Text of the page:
Echoes of 1939
International Convergence of Capital Measurement and Capital Standards
A Revised Framework
It would seem all so called banking commentators, financial experts and even those claiming to be the good guys busy exposing the naughtiness of the Federal Reserve in the US have one thing in common They appear never speak of the frameworks under which the entire global banking system has operated, launching two financial crashes and decimating the economies of all nations tied to its guidelines.
The Bank for International Settlements began the current foundation framework under which all banks, dictated by each respective central bank, have operated, since 1988, followed by a series of amendments as the years moved on until the big one in 2007 sparked by Alan Greenspan. From their own website they quote one of their reports as follows :
This report presents the outcome of the Basel Committee on Banking Supervision’s (the Committee)1 work over recent years to secure international convergence on revisions to supervisory regulations governing the capital adequacy of internationally active banks. Following the publication of the Committee’s first round of proposals for revising the capital adequacy framework in June 1999, an extensive consultative process was set in train in all member countries and the proposals were also circulated to supervisory authorities worldwide. The Committee subsequently released additional proposals for consultation in January 2001 and April 2003 and furthermore conducted three quantitative impact studies related to its proposals. As a result of these efforts, many valuable improvements have been made to the original proposals. The present paper is now a statement of the Committee agreed by all its members. It sets out the details of the agreed Framework for measuring capital adequacy and the minimum standard to be achieved which the national supervisory authorities represented on the Committee will propose for adoption in their respective countries. This Framework and the standard it contains have been endorsed by the Central Bank Governors and Heads of Banking Supervision of the Group of Ten countries.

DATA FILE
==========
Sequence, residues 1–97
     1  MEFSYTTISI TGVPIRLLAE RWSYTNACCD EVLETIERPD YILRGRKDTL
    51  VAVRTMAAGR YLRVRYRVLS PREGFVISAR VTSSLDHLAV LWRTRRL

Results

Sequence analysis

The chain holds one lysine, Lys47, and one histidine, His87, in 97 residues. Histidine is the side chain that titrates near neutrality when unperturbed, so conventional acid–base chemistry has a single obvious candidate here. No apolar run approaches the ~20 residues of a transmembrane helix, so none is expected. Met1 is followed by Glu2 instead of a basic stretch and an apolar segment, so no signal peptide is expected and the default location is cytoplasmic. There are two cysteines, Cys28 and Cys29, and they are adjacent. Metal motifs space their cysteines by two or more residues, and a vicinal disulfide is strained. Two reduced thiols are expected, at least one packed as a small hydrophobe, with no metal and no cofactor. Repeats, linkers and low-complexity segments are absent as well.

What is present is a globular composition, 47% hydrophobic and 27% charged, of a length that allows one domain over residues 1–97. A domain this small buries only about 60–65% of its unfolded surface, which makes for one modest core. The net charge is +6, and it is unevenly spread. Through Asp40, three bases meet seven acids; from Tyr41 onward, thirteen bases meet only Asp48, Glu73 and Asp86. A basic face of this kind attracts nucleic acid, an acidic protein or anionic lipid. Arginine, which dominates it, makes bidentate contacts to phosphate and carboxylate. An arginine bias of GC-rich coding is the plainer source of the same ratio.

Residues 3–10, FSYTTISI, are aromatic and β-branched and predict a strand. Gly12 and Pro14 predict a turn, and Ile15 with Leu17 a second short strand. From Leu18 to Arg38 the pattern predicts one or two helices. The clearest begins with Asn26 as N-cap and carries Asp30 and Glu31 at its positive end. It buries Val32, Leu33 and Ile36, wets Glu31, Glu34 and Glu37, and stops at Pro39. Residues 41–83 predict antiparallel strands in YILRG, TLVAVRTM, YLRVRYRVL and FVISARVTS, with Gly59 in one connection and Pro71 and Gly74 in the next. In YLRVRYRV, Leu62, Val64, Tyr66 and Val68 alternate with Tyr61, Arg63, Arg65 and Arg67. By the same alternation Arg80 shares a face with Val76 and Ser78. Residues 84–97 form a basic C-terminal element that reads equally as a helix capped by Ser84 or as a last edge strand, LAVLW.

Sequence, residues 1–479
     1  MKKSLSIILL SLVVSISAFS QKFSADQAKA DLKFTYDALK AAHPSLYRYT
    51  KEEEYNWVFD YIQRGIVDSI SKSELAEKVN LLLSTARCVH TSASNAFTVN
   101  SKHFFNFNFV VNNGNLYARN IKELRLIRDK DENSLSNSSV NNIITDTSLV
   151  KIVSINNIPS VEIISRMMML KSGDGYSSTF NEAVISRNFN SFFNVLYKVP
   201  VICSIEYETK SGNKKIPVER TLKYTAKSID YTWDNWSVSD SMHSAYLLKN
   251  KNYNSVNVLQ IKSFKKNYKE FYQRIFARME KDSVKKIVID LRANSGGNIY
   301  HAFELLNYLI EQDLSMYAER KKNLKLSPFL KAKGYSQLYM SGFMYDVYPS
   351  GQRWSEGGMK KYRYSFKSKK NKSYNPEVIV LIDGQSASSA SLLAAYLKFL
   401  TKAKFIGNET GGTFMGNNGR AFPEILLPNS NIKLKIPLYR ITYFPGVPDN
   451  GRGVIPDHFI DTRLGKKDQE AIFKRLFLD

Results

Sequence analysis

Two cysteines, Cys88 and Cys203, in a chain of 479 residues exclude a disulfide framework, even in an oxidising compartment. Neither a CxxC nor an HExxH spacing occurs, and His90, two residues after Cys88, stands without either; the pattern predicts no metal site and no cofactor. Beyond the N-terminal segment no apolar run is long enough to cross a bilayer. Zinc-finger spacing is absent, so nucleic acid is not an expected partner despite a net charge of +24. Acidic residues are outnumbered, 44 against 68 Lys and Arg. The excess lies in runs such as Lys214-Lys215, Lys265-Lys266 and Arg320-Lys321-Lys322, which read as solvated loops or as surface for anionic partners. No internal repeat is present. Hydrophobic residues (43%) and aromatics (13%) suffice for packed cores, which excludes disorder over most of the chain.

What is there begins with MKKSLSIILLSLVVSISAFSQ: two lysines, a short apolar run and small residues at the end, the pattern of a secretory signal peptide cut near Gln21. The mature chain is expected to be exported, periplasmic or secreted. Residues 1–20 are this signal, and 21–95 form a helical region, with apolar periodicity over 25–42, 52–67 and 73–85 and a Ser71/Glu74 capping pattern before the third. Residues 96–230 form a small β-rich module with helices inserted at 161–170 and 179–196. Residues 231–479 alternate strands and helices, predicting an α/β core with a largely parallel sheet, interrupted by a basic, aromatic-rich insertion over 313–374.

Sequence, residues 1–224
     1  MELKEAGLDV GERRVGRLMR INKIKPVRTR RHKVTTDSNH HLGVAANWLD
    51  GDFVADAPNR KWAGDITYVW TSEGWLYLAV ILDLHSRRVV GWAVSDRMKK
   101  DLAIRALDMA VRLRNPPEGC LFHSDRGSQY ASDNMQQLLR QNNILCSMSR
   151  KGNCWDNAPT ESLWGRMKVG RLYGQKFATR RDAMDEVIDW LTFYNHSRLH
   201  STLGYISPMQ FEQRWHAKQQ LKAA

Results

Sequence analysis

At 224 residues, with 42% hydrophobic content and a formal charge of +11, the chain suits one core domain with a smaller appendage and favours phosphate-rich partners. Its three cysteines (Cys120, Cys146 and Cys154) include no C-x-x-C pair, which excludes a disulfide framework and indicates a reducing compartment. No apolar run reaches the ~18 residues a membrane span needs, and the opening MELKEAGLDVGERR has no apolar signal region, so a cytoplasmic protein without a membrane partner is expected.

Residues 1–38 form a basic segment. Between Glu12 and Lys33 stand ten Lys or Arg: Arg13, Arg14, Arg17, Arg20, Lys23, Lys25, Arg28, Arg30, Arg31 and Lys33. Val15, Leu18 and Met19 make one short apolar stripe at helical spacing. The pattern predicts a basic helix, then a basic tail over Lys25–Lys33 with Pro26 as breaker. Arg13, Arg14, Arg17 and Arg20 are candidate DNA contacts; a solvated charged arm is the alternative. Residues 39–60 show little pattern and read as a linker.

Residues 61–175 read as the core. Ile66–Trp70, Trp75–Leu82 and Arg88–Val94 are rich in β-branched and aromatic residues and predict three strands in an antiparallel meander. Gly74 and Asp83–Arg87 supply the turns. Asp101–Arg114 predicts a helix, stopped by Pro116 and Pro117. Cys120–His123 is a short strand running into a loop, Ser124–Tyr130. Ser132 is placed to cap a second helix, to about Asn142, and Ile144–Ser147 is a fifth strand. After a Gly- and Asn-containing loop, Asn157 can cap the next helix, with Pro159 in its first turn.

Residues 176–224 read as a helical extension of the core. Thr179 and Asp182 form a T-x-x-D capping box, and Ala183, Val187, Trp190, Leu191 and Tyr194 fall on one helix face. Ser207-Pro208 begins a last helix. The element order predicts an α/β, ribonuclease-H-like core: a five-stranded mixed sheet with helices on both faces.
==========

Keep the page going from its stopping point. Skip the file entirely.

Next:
Today we have bailout upon bailout with nations frantically lending big loans to failing nations to prop them up, as though we are in the days of the last century specifically 1939, to avoid war in Europe. Gold was moving about like crazy as through Wall Street, the Committee forced nations to favour the dollar for their portfolios. War was coming and the European nations under the direction of the Bank for International Settlements battled for financial survival while the money masters shifted money and gold to safe havens such as Switzerland, the US, and Borgos.
What was clear in those times was the fact what was achieved in 1930 when cap in hand the nations involved in WWI went to the fund produced by the super rich families from the East India Companies, Committee of 300, to gain credit to avoid financial collapse turning into financial catastrophe, was coming to a fruition point in 1939 before the outbreak of WWII. The framework then was all about stability, today as they play the same game against the nations of the world they use the term supervision, because they are now in the position to take control of all assets globally as the nations fall about themselves ignorant of the scam playing out all around them, monopoly.
If the banks have acted under guidelines from the BIS taking 1988 as our point of reference, then all that has ensued from that point is so because of the very guidelines the banking system has blindly followed.
Below is the document for today, the framework followed since 2004 leading to the 2007 calamity.
Below that is a collection of de-classified telegrams between the US State Department and various men in the field as Europe disintegrates into war in 1939 :
De-classified telegram 1939, Spanish central bank shareholders are in Borgos (click images to enlarge)
De-classified telegram1939 British-French loan to Czechs £12 million of which £10 million goes to the bank of England to pay a debt accrued in 1937 :
The Basel Committee on Banking Supervision controlling global corporate governance
Basel Committee on Banking Supervision : dictating credit rating agency guidelines
In Profile : Basel III
G-SIFI-Bank of England Bail-in Mechanism
In Profile : Wilmington Trust Corporation